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Unemployment Insurance in Europe: Unemployment Duration and Subsequent Employment Stability

  • Tatsiramos, Konstantinos


    (University of Nottingham)

The empirical literature on unemployment insurance has focused on its direct effect on unemployment duration, while the potential indirect effect on employment stability through a more efficient matching process, as the unemployed can search for a longer period, has attracted much less attention. In the European context this is surprising as reform proposals of the unemployment insurance system aiming at reducing high European unemployment rates should consider both effects. This paper provides evidence on the effect of unemployment benefits on unemployment and employment duration in Europe, using individual data from the European Community Household Panel for eight countries. Country specific estimates based on a multivariate discrete proportional hazard model, controlling for observed and unobserved individual heterogeneity, suggest that even if receiving benefits has a direct negative effect increasing the duration of unemployment spells, there is also a positive indirect effect of benefits on subsequent employment duration. This indirect effect is pronounced in countries with relatively generous benefit systems, and for recipients who have remained unemployed for at least six months. In terms of the magnitude of the effect, recipients remain employed on average two to four months longer than non-recipients. This represents a ten to twenty per cent increase relative to the average employment duration, compensating for the additional time spent in unemployment. These findings are in line with theories suggesting a matching effect of unemployment insurance.

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Paper provided by Institute for the Study of Labor (IZA) in its series IZA Discussion Papers with number 2280.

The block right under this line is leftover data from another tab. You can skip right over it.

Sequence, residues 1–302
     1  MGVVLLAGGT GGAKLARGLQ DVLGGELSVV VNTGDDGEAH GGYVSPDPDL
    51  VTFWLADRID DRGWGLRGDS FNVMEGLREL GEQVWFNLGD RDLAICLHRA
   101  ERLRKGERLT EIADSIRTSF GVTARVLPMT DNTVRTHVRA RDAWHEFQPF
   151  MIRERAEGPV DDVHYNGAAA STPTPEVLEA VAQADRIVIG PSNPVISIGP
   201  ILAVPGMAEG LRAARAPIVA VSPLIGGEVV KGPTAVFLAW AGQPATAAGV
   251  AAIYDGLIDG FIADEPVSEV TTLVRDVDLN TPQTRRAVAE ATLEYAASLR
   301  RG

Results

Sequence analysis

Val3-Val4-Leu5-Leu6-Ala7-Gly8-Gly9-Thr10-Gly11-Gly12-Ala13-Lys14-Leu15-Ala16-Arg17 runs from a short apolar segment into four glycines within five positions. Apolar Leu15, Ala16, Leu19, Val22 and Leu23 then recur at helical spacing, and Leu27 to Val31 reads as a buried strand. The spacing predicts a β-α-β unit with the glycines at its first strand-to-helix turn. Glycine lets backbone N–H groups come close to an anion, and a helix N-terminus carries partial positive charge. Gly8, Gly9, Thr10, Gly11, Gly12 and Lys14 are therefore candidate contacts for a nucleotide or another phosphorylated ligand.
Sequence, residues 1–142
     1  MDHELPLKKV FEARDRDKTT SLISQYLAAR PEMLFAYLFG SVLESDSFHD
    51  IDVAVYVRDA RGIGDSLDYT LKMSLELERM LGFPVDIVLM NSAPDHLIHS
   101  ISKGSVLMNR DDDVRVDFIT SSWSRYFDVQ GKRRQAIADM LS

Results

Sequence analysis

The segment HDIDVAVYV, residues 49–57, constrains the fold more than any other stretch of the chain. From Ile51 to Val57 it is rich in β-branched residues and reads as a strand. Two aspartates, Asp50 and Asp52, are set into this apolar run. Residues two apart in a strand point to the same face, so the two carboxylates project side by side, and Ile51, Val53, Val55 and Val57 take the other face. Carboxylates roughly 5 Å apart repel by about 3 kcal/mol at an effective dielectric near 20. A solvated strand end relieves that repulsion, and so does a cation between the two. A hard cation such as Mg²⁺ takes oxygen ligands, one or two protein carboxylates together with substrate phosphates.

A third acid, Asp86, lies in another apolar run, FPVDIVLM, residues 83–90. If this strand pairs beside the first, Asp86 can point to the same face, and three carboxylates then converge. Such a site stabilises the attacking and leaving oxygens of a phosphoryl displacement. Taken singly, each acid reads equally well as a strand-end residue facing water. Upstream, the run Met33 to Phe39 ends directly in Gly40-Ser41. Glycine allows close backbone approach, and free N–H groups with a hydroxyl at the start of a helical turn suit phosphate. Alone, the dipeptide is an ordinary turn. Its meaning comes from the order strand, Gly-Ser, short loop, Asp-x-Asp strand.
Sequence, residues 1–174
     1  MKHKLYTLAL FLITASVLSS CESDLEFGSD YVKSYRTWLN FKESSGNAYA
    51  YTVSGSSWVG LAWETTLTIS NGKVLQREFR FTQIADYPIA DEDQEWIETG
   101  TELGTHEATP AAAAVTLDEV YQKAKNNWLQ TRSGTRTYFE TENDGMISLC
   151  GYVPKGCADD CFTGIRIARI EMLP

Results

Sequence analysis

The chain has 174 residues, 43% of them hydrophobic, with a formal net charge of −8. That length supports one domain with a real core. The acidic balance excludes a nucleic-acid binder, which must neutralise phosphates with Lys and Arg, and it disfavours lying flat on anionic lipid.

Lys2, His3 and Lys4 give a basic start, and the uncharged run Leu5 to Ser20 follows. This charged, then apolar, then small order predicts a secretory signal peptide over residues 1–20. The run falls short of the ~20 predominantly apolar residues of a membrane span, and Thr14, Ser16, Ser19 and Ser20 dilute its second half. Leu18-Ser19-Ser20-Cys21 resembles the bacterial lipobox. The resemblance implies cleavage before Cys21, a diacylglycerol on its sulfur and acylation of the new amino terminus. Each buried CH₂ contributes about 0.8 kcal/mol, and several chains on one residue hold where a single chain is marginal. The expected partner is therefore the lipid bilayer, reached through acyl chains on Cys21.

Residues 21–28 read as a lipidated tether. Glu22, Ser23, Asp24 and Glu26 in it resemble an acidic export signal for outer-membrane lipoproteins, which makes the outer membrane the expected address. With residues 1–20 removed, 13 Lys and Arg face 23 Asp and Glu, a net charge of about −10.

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Length: 43 pages
Date of creation: Aug 2006
Date of revision:
Handle: RePEc:iza:izadps:dp2280
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  8. Van den Berg, Gerard J., 2000. "Duration Models: Specification, Identification, and Multiple Durations," MPRA Paper 9446, University Library of Munich, Germany.
  9. Lawrence F. Katz & Bruce D. Meyer, 1988. "The Impact of the Potential Duration of Unemployment Benefits on the Duration of Unemployment," NBER Working Papers 2741, National Bureau of Economic Research, Inc.
  10. Belzil, Christian, 2000. "Unemployment Insurance and Subsequent Job Duration: Job Matching vs Unobserved Heterogeneity," IZA Discussion Papers 116, Institute for the Study of Labor (IZA).
  11. Feldstein, Martin S, 1976. "Temporary Layoffs in the Theory of Unemployment," Journal of Political Economy, University of Chicago Press, vol. 84(5), pages 937-57, October.
  12. Michael Baker & Samuel A. Rea, 1998. "Employment Spells And Unemployment Insurance Eligibility Requirements," The Review of Economics and Statistics, MIT Press, vol. 80(1), pages 80-94, February.
  13. Gritz, R. Mark, 1993. "The impact of training on the frequency and duration of employment," Journal of Econometrics, Elsevier, vol. 57(1-3), pages 21-51.
  14. Jurajda, Štepán, 2001. "Estimating the Effect of Unemployment Insurance Compensation on the Labor Market Histories of Displaced Workers," IZA Discussion Papers 294, Institute for the Study of Labor (IZA).
  15. Rafael Lalive & Josef Zweimüller, . "Benefit Entitlement and Unemployment Duration - The Role of Policy Endogeneity," IEW - Working Papers 112, Institute for Empirical Research in Economics - University of Zurich.
  16. David Card & Phillip B. Levine, 1998. "Extended Benefits and the Duration of UI Spells: Evidence from the New Jersey Extended Benefit Program," NBER Working Papers 6714, National Bureau of Economic Research, Inc.
  17. van Ours, Jan C. & Vodopivec, Milan, 2006. "Shortening the Potential Duration of Unemployment Benefits Does Not Affect the Quality of Post-Unemployment Jobs: Evidence from a Natural Experiment," IZA Discussion Papers 2171, Institute for the Study of Labor (IZA).
  18. Ham, John C & Rea, Samuel A, Jr, 1987. "Unemployment Insurance and Male Unemployment Duration in Canada," Journal of Labor Economics, University of Chicago Press, vol. 5(3), pages 325-53, July.
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